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Tridrepana Swinhoe

Type species: albonotata Moore.

Synonym: Konjikia Matsumura (type species crocea Leech, China, Japan).

The genus was revised by Watson (1957). It consists mostly of bright yellow species of typical 'hooktip' form and pattern, the yellow marked with rich brown patches and fasciation, with the discal spots often centred white. The male antennae are strongly bipectinate, those of the female more narrowly so. The male frenulum is not usually clavate apically, though strongly so in a few species.

In the male abdomen, the eighth tergite forms a dorsal shield over the rest of the genitalia, usually squarish, with apodemes usually well developed. The saccus is well developed, the valves simple. The uncus is bifid, each bifurcation often further divided or complexly shaped. The aedeagus usually has two distal cornuti and a spinose vesica.

In the female the ovipositor lobes are divided into two or are even more complex. The ductus is moderately long, the bursa spherical, immaculate.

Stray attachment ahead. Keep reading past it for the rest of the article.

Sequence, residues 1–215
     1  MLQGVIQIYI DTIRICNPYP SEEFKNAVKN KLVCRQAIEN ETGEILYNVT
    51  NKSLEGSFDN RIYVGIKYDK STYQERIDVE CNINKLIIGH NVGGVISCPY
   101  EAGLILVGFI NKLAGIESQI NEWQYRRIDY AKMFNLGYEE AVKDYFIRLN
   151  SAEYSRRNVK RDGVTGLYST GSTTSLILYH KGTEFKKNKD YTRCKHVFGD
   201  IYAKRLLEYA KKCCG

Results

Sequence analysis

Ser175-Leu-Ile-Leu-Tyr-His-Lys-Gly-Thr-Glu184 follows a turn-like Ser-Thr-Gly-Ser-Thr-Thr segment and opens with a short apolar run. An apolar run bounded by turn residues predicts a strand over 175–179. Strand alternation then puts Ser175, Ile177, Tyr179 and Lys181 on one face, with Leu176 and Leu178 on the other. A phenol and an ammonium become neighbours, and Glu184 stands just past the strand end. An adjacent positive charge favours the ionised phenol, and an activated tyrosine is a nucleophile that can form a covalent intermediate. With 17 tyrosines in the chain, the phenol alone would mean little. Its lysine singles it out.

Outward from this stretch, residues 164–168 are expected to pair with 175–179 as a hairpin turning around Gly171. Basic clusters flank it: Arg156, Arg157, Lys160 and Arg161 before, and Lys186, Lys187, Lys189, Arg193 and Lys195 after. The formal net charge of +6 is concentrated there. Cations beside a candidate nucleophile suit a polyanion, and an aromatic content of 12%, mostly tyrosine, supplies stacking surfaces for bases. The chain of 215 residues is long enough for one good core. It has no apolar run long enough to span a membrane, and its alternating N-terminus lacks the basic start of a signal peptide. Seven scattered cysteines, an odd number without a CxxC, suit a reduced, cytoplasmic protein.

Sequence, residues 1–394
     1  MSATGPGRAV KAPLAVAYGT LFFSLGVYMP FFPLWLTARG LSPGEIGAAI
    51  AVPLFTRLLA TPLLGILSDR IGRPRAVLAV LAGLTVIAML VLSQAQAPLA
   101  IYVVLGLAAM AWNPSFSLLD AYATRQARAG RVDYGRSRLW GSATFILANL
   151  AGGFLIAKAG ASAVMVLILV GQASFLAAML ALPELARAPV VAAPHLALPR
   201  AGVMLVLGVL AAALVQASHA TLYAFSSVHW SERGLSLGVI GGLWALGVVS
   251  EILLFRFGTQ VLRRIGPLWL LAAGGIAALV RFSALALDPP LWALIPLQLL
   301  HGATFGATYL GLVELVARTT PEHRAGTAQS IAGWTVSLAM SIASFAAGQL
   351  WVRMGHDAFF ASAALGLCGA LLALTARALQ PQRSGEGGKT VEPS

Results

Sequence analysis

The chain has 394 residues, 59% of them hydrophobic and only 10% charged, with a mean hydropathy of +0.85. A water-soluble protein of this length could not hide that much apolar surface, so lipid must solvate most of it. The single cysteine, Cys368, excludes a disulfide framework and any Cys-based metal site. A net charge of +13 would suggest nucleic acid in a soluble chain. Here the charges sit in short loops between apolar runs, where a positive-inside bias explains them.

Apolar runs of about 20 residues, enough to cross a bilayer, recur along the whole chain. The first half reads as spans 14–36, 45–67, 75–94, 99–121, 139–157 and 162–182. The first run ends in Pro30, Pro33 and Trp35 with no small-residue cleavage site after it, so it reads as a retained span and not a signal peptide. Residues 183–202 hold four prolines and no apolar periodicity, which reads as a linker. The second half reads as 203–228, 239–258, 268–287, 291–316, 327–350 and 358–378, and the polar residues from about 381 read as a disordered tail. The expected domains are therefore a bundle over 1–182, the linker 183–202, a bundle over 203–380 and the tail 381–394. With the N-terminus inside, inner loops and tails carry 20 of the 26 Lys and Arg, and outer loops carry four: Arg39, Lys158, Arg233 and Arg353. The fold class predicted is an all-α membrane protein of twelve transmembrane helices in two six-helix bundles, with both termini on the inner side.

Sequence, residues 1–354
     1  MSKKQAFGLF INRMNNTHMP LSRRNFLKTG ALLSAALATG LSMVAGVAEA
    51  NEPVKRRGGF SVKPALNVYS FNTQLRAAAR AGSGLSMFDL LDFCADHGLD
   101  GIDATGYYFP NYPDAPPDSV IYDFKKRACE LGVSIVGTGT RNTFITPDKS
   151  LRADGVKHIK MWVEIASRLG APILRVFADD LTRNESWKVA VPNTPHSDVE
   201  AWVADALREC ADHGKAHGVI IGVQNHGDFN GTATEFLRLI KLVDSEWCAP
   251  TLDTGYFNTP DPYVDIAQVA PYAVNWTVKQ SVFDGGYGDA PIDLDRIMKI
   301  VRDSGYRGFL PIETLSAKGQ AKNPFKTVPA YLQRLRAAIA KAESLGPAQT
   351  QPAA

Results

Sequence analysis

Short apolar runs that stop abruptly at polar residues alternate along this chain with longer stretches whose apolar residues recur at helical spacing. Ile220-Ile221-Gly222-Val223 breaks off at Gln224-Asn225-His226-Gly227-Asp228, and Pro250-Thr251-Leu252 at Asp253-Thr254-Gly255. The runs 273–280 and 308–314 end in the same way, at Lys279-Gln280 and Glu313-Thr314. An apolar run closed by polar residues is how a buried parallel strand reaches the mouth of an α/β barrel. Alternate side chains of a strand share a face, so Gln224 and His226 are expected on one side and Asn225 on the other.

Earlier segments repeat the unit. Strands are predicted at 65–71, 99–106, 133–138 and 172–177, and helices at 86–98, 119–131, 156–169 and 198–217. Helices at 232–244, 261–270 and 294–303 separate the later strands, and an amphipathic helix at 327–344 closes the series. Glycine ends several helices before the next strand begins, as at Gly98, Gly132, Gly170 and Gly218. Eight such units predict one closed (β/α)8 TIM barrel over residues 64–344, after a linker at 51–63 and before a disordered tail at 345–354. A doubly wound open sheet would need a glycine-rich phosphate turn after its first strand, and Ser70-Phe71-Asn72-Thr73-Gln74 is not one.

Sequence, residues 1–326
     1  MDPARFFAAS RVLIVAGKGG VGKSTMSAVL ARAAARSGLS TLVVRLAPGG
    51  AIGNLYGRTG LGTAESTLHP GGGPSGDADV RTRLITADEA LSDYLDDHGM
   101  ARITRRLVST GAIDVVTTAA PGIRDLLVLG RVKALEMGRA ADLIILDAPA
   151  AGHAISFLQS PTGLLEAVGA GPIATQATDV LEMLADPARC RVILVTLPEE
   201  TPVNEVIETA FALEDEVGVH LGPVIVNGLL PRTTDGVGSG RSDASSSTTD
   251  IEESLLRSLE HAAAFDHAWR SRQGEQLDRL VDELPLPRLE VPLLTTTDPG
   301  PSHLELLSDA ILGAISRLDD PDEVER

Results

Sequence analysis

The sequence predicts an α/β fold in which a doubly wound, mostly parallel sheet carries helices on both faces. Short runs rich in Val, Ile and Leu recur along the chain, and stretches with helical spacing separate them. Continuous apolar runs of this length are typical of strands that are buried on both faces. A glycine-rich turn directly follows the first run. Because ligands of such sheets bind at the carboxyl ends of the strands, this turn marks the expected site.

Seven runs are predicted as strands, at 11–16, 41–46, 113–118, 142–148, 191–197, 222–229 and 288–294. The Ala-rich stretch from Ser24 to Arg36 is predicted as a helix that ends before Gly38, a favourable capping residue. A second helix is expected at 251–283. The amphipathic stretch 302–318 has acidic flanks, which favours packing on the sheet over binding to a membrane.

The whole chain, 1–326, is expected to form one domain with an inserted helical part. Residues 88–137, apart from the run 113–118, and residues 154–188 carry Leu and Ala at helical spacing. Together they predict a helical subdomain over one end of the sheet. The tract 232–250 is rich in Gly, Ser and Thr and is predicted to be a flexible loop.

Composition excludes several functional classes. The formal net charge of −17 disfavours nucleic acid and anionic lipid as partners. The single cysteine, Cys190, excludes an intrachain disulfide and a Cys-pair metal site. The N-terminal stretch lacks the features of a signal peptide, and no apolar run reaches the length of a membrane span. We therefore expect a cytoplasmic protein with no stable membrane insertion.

The genus consists of well over 30 species distributed through the Indo-Australian tropics but most diverse in the Oriental Region. Watson divided it into seven species groups, five of which are represented in Borneo, and two of which include allopatric arrays of species that extend from India to New Guinea or the Solomons. Watson (1968) indicated the genus was closely related to the Palaearctic Drepana Schrank.

Sugi (1987) and Wang (1995) illustrated the larvae of two Japanese and a Taiwanese species. All are a variegated rich rufous brown with a disruptive pattern of oblique bars laterally. Most segments have a pair of subdorsal tubercles. Those on T2, T3 and T8 are elongate, directed forward over the body, apically sinuous and sometimes even slightly coiled.

The host-plants were in Quercus (Fagaceae; see also Teramoto (1993, 1996)), but in tropical Asia records are from Sapindaceae (See Tridrepana fulvata Snellen).

Pupation is on a silken foundation spun in a partly folded leaf tip. The pupa is mostly exposed and has a pair of distinctive horn-like structures anteriorly (illustration in Wang (1995)).

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